There were high hopes for progress on Unity Park just before the coronavirus abruptly shut down the city of Greenville.
Like everything else this time last year, activity ground to a halt. The fear was a collapse of funding. But by summer it became clear the economic impact of the shutdown would not threaten the city’s ability to pay for the $60 million project, which charts downtown’s expansion westward on 60 long-neglected acres. Dirt began to move again.
Now, the city remains more or less on the pace it set after recovering from the pause in construction — an opening of spring 2022. What, for more than a century, was only a concept is now plainly visible.
There are still crucial financial decisions to be made, with questions about how the ultimate vision for the park will be paid for and whether it will all come to fruition. Chief among the unresolved issues is the 10-story observation tower long promised as an iconic addition to the Greenville skyline and a beacon for the park lighting the night sky.
The plan is to pay for much of it with private donations. Currently, funding is projected to be about $4.3 million short — not enough to put its construction in doubt but sufficient to raise questions among City Council members about the financial ramifications.
There are other big-ticket items yet to come, such as the $2.8 million transformation of a wetlands area into a nature zone with educational opportunities, and a $2.75 million maintenance facility that city leaders say needs a different design and location.
And off in the distance looms the potentially lucrative redevelopment of about 10 acres of city-owned property bordering the southern side of the park.
Meanwhile, one of the most-consequential elements of the park project — the restoration of a half-mile section of the Reedy River to a more-natural state — is taking form.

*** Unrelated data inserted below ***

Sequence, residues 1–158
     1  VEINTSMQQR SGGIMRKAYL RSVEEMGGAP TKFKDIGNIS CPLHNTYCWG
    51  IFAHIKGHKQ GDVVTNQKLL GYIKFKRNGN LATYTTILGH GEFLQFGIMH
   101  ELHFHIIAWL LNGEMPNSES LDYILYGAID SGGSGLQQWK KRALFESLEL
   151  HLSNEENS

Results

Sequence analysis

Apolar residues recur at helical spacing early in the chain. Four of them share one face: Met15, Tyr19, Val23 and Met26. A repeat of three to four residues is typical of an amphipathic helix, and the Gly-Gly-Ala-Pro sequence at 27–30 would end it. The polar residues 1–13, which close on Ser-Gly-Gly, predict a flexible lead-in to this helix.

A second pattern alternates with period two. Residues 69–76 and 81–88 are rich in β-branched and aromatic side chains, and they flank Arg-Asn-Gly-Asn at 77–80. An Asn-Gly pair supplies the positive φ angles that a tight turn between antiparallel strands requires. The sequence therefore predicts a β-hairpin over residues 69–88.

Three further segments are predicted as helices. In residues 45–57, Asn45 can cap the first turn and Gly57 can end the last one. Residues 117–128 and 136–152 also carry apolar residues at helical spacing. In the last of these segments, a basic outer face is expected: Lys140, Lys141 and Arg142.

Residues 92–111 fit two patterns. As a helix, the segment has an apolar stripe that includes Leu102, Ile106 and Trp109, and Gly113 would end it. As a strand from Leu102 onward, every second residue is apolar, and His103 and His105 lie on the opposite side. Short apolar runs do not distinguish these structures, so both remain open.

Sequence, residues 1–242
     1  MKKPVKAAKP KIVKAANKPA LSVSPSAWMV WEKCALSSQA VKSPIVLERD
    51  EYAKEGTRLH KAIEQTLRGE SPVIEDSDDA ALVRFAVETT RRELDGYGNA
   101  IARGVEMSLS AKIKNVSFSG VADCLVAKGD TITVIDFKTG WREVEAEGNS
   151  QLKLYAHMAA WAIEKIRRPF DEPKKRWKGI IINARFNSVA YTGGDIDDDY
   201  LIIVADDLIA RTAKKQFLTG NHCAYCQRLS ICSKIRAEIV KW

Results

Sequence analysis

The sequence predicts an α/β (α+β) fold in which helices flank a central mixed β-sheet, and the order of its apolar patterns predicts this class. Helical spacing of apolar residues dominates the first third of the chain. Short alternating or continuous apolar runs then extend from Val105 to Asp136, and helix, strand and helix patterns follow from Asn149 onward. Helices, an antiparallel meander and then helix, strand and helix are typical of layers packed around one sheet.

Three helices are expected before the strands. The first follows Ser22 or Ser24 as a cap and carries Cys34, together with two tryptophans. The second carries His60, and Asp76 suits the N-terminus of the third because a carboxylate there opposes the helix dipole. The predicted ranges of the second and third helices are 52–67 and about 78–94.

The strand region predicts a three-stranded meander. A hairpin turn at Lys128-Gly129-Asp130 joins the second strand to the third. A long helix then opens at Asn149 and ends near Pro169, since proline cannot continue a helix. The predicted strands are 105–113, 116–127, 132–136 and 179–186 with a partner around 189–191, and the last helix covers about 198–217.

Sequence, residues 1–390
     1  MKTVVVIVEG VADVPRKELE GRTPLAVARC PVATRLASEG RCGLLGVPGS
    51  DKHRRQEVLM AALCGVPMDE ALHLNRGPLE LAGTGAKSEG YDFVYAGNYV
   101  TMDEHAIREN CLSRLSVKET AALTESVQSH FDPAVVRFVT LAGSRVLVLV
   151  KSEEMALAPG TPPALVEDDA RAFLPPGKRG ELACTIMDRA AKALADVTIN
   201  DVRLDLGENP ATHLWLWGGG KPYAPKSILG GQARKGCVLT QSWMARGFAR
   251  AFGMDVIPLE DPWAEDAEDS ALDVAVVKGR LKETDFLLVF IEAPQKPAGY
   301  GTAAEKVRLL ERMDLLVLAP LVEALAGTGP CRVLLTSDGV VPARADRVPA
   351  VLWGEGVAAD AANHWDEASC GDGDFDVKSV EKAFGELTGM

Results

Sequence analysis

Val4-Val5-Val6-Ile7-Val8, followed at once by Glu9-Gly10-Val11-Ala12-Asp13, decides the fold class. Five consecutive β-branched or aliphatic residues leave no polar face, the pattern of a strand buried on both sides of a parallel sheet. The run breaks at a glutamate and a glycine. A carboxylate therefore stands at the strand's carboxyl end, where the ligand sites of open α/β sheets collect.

A century in the making
For perspective, it is Greenville's most-ambitious civic project since the creation of Falls Park nearly two decades ago.
The Falls Park project, which became Greenville's postcard when it was finished in 2004, was the culmination of master plans for three parks developed way back in 1907 by acclaimed Boston landscape architect Harlan Kelsey.
The first, Cleveland Park, was built in 1926.
The third, what Kelsey then referred to as Hudson Athletic Fields, is now 114 years in the making.
City leaders say the Unity Park name is a reckoning with racial injustice in an area where not so long ago the government ignored the pleas of the historically Black community for improvements, then actively dismantled and disenfranchised their Southernside neighborhood.
The public works facility was there, creating a city junkyard and a source of toxic ooze into the river. The city built segregated Mayberry Park for Black people in 1920, then when a minor-league baseball team came calling, took half of the park back in 1938.
As an exodus to the suburbs began in the early 1970s, higher levels of government mapped a highway bypass through the heart of the area, removing homes and forcing residents out before the plan was scrapped.